In this example, we will determine the optimal Radius Of Curvature (ROC) of the microlens that maximizes power transmission to the photodiode detectors.

Note: This figure is intended to show the range of lens ROC tested in this example. It is NOT meant to suggest that the simulation will be setup exactly as shown above. Each simulation in the parameter sweep will use a single ROC.

## Simulation setup

The simulation setup is based on the initial simulation example, with the following changes:

- The simulation z max position was increased to allow for thicker microlenses
- The microlens surface definition was changed to a simple spherical lens with a Radius of Curvature (ROC)
- A mesh override region was used over the microlenses to ensure that the mesh does not change as the microlens radius of curvature changes. This helps remove small discontinuities that appear in the results when the mesh changes between simulations.

The parameter sweep object ROC_sweep will run a parameter sweep of the microlens ROC, varying it between 1.0mm and 1.5mm. For each ROC, there will be two angles simulated: 0 and 15 degrees. For each angle, there are 2 polarizations. The lens diameter will be kept constant at 2mm.

The script file CMOS_lens_sweep_analysis.lsf will plot the results of the parameter sweep. This script is written so that the weighting factor between the normal incidence light and the 15 degree light can be changed.

## Run and results

### Parameter sweep of the radius of curvature

When the simulations are complete, run CMOS_lens_sweep_analysis.lsf to analyze the results. It will generate the following figure.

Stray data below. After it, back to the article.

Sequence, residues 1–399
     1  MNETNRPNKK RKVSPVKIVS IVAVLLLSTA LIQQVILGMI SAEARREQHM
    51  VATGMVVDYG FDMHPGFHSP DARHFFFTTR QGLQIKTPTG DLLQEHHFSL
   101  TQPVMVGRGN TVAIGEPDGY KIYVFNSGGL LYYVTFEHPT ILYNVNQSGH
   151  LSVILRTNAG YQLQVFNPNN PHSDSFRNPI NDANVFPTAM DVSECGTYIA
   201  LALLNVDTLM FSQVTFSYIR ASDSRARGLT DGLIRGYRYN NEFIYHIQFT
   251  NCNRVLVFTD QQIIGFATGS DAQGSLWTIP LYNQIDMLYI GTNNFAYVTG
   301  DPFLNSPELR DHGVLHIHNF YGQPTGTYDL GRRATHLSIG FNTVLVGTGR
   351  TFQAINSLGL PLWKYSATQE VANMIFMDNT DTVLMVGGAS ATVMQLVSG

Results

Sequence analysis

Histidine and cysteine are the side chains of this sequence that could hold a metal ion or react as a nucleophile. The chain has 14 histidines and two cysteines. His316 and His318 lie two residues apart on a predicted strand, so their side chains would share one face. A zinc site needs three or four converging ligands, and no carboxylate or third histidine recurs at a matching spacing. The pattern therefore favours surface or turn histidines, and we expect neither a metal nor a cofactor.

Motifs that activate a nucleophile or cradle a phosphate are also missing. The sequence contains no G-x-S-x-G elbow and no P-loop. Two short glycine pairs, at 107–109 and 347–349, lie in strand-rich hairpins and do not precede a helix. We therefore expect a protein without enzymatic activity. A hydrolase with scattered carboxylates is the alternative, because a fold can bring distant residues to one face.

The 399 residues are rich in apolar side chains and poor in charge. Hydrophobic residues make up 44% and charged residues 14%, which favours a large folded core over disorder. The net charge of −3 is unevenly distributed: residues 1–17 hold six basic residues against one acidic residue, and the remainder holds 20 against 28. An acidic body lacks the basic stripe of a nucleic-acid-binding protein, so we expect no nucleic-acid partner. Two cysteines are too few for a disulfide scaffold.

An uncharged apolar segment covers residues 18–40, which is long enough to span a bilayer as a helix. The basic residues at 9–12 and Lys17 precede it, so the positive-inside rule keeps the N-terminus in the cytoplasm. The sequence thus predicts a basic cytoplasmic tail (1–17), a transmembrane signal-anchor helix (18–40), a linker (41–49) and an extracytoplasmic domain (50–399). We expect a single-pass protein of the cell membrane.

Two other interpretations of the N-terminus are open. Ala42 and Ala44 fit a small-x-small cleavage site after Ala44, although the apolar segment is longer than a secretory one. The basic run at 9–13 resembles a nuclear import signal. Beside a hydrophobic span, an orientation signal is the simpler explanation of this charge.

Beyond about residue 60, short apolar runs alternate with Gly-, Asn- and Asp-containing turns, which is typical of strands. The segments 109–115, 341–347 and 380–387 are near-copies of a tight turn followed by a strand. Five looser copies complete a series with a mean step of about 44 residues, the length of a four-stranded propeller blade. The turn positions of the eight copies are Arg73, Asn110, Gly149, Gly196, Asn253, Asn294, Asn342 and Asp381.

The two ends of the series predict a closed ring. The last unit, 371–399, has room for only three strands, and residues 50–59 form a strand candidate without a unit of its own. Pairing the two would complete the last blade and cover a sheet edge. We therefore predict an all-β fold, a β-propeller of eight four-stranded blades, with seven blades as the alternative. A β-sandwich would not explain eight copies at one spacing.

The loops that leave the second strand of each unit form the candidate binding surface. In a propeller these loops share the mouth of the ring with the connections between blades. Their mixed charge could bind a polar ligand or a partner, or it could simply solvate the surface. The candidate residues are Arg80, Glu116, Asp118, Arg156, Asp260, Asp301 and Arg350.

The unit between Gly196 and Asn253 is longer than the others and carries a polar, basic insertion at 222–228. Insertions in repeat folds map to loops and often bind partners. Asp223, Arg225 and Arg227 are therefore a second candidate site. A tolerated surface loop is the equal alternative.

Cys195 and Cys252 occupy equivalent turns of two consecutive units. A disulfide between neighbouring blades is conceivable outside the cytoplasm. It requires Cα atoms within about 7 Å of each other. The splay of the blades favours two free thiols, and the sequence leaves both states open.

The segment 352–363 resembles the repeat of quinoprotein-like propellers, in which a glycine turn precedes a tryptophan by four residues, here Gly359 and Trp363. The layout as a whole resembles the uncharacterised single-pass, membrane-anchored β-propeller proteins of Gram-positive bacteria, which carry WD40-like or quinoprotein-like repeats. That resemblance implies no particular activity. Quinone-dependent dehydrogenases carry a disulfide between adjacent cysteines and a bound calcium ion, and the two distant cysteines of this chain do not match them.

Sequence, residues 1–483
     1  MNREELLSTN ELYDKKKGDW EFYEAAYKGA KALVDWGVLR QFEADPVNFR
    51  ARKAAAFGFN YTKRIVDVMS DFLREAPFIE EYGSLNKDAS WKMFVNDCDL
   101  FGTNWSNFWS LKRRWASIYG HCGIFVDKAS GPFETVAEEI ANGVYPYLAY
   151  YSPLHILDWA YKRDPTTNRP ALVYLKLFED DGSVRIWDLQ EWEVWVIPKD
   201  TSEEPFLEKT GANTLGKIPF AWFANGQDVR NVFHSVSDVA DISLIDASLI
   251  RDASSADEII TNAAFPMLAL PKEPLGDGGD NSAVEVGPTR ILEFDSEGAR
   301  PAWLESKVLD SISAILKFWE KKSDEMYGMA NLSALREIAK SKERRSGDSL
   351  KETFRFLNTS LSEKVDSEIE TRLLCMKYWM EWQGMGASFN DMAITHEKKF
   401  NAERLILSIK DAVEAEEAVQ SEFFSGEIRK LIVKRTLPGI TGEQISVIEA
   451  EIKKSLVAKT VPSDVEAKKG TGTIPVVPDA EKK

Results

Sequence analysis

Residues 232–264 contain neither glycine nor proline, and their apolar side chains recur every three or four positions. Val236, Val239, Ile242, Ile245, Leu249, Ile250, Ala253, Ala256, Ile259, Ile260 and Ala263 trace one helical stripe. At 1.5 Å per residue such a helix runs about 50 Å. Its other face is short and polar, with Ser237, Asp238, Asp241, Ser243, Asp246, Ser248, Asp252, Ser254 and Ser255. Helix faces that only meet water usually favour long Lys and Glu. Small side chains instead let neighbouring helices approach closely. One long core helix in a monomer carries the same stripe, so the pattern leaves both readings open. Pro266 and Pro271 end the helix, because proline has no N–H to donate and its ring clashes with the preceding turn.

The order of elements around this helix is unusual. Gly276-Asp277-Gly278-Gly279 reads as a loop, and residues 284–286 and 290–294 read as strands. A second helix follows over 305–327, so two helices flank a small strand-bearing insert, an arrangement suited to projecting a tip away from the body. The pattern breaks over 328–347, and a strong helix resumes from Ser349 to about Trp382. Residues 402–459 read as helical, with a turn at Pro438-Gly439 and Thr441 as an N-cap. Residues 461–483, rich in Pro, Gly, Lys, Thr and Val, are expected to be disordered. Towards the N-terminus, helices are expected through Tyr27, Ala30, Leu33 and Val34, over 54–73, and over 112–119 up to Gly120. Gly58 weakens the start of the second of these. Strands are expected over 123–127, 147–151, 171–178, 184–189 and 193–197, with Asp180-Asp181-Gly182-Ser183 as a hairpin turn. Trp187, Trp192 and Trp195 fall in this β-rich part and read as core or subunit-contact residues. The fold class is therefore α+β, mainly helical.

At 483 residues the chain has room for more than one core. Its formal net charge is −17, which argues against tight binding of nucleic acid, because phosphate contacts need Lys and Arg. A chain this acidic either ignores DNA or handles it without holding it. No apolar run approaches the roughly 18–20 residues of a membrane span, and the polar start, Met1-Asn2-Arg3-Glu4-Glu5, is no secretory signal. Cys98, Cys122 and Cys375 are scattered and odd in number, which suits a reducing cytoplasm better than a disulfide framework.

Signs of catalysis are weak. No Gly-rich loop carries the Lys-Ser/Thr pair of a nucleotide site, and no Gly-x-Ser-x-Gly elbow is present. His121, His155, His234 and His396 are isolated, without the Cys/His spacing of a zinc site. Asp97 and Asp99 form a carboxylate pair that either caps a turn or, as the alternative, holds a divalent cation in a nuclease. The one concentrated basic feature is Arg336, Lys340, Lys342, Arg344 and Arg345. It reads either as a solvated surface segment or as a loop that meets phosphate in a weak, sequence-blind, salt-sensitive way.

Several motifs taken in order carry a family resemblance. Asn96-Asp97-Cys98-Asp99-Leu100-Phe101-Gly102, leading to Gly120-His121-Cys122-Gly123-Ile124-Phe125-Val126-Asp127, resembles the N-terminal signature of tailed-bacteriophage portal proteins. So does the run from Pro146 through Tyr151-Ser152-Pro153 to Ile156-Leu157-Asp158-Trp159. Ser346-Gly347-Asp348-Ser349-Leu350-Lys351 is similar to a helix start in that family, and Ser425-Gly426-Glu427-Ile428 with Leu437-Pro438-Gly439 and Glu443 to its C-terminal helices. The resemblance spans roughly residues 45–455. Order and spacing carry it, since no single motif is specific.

This figure shows an optimal ROC around 1.3mm. This result is obtained by averaging the normal incidence results with the 15 degree angle of incidence. The results from the individual angular contributions are also shown. As expected, the transmission is higher at normal incidence than it is at 15 degrees.

Note: Angle of incidence correction The analysis script that combines the normal incidence and 15 degree light can include the cos(theta) factor that should be applied to the transmission results. However, since we are trying to represent the integral of the light over all incident in-plane wave vectors, this correction of cos(15) is small and can be ignored. |

### Particle swarm optimization of the radius of curvature

The optimization object ROC_optimize will optimize the radius of curvature using the particle swarm optimization method. This algorithm is not really necessary for a single parameter optimization, however it becomes much more efficient than parameter sweeps when more than one parameter is varied. In this example, the figure of merit is defined for each radius of curvature as the average of the unpolarized optical efficiency at 0 and 15 degrees. Therefore for each radius of curvature 4 simulations are required because we need 2 angles and 2 polarizations. The cos(15) factor that should normally applied to the optical efficiency at 15 degrees has been ignored in this example, but it makes very little difference to the results since cos(15) ~ 0.97. We set the Generation Size to 10 which means that each generation will involve 10x4 = 40 simulations.

When running this optimization task, you will see the graph on the right of the figure of merit as a function of generation. The exact graph may vary as the first generation parameters are randomly selected. In this case, the optimal result is approximately 1.29mm and was already found in the first generation. The convergence as more parameters are added is not typically so fast.

This simulation was run with a mesh accuracy of 1. It would make sense to perform some convergence testing and rerun the optimization at a higher mesh accuracy, while restricting the range of radius of curvature values to something smaller.